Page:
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Google Chrome's Incognito mode does remember a lot of things, so it's a not a good solution when you need to access a site from a truly fresh state. I tried SRWare's Iron recompiled version of Chrome, to no avail.

I also tried Firefox in Private Browsing mode, but some sites still manage to know I'm a returning reader.

Is there a browser for Windows that provides true incognito mode?

Thank you.

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closed as not a real question by Karan, 8088, Sathya Feb 1 '13 at 9:22

It's difficult to tell what is being asked here. This question is ambiguous, vague, incomplete, overly broad, or rhetorical and cannot be reasonably answered in its current form. For help clarifying this question so that it can be reopened, visit the help center.If this question can be reworded to fit the rules in the help center, please edit the question.

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Can you explain what "a lot of things" are, specifically? –  slhck Jan 31 '13 at 14:28
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The statement about the truly fresh state doesn't make sense to me. Incognito is not about not forgetting what you've done before, but about not remembering what you're doing while incognito. –  Dennis Jan 31 '13 at 14:34
    
"lot of things" = enough to know that I already visited this site. IP is not an issue, as the public IP is shared by multiple users. –  OverTheRainbow Jan 31 '13 at 15:15
    
I'm suprised no browser is available that insures that no information is kept that can identify a user. That could be useful in eg. shared computer in a library or hostel. –  OverTheRainbow Jan 31 '13 at 23:05
    
Possible duplicate of Browser for paranoid people?, Generic browser with no tracking etc. –  Karan Feb 1 '13 at 0:13
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2 Answers

Regardless of your browser, there are surprising things that make you identifiable on the internet beyond your browser, like your public IP address and the number of fonts you have installed on your computer. If you go to Panopticlick You can gain an understanding of how identifiable you may appear and in what ways. I would suggest using tor project as MDMoore suggested or possibly doing some research on a VPN. Also maybe look into using bootable live CD's, so that no traces of cookies, flash cookies etc are stored between boots. Finally, as linked on the EFF's site, you should read this to gain further understanding of the subject: https://panopticlick.eff.org/browser-uniqueness.pdf .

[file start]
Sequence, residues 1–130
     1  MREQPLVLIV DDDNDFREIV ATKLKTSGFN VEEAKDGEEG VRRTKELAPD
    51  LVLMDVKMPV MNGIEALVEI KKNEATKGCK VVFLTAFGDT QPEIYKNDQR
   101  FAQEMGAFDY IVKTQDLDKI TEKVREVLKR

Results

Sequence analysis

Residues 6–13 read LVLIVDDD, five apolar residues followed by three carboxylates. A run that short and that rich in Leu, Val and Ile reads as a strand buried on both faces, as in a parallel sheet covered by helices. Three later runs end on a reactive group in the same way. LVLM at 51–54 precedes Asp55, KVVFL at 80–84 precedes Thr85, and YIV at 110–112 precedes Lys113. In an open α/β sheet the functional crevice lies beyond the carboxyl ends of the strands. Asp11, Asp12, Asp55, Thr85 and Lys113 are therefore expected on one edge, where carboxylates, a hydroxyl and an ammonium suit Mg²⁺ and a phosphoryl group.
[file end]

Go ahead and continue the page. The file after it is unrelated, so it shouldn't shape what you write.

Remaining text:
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+1 for the bootable live CD. –  BigHomie Jan 31 '13 at 14:53
    
Thanks for the idea of booting off a live USB/CD or using Tor. As a lighter alternative just to browse a couple of sites, I was hopping a browser would provide solide incognito mode (ie. flush everything when closing it.) –  OverTheRainbow Jan 31 '13 at 15:17
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I don't know what you're planning on doing, but Tor is probably about as incognito as it gets, it stores all your files inside a local database file, not to mention sends your traffic through the Tor network.

https://www.torproject.org/ You want the Tor Browser Bundle, it's based on Mozilla.

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Tor is good. However based on the OPs statement about not being a "returning reader." TOR cant guarantee that, as Tor anonymizes your IP address by using a pool of addresses in the Tor network. If someone went to a website using Tor before you and you get the address, then the website may think you are returning visitor. This isnt theoretical, I have seen it happen. –  Keltari Jan 31 '13 at 14:39
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Very true, especially if two people using the browser access the same site through the same exit node. However, it sounds like he just wants a non-memorable browser, in which case he could just make copies of the Tor folder since it doesn't install on the machine, and use the different copies, or even close and reopen the one, all database are deleted on close I believe. Everything as far as the tabs go (images, markup, etc) is stored in RAM. idk what the db holds but Tor uses a ton of ram so not much is written to disk, and nothing is written outside of that folder from what I've tested also. –  BigHomie Jan 31 '13 at 14:44
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